“Quarterly Aggregate Earnings Estimate Evolutions”, for a visualization of how S&P 500 aggregate quarterly operating earnings forecasts evolve from initiation through earnings season.
“Perspectives on Earnings Growth Forecasts”, for perspectives on the valuation implications and sustainability of earnings growth.
“Regulations Suppressing Analysts’ Earnings Optimism?”, for a study of the impacts of Regulation FD and the Global Analyst Research Settlements on sell-side analyst earnings forecasts.
“Comprehensive Overview of Research on Equity Analyst Forecasting”, for a comprehensive and organized overview of past research on equity analyst inputs, processing and outputs.
“Conservatism Bias in Earnings Forecasts”, on the conservatism bias of investors with respect to both downside and upside extremes.
“The Quarterly Earnings Forecast Walk-Down”, on the tendency of earnings forecasts to shift from optimistic to pessimistic across reporting periods as release of actuals draws near;
“Any Holes in SOX?”, regarding the effects of the 2002 Sarbanes-Oxley Act (SOX) on management-analyst earnings dynamics;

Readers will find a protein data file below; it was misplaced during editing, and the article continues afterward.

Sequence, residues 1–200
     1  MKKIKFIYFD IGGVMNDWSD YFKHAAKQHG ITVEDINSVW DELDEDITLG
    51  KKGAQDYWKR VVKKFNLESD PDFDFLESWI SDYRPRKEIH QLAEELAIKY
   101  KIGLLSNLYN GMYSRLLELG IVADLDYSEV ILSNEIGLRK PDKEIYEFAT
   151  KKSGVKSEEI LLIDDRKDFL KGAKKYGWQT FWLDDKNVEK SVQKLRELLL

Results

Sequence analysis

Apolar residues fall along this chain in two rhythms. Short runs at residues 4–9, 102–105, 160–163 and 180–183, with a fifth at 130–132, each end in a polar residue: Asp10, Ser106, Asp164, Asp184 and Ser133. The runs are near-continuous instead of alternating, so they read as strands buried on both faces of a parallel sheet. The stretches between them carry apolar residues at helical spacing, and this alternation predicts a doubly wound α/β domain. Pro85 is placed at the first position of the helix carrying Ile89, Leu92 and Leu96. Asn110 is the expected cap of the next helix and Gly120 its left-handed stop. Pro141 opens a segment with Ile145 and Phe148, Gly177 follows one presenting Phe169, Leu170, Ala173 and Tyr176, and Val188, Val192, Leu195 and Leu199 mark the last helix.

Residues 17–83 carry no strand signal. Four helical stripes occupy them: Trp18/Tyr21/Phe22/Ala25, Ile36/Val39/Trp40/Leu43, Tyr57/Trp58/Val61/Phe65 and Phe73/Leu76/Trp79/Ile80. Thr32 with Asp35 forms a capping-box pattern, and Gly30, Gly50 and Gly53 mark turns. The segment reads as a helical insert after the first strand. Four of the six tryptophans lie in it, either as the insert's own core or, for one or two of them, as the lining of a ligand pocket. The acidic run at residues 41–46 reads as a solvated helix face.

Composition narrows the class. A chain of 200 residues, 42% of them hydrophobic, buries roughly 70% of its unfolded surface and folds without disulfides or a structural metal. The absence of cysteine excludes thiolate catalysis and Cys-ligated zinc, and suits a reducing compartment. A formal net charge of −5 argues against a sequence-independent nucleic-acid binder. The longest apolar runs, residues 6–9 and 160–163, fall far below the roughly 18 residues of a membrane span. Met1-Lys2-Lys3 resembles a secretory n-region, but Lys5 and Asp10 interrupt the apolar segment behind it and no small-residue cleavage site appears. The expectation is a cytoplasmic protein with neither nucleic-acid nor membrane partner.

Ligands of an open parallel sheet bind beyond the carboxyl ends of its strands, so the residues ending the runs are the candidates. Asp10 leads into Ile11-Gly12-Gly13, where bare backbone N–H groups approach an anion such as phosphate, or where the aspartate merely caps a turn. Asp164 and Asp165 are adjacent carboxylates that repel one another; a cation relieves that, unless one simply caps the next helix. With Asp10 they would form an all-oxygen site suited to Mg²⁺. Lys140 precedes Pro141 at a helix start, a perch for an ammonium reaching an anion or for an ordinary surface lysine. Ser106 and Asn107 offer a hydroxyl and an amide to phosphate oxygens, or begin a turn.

“Regulation FD: Have Some Big Shots Lost Their Privileges?”, for evidence that Regulation FD has leveled the playing field for analysts at large and small firms;
“Brokerage Business Biases Analysts”, regarding the earnings estimate biases of analysts who work for brokers;
“Earnings Guidance Lags the Market?”, summarizing patterns and informativeness of management earnings guidance;
“Uncertainty and Analyst Underreaction”, on the tendency of analysts to underreact to good company news when revising their earnings forecasts; and,
“Regulation FD is Working?”, regarding the effect of Regulation FD in making analyst earnings forecasts less accurate.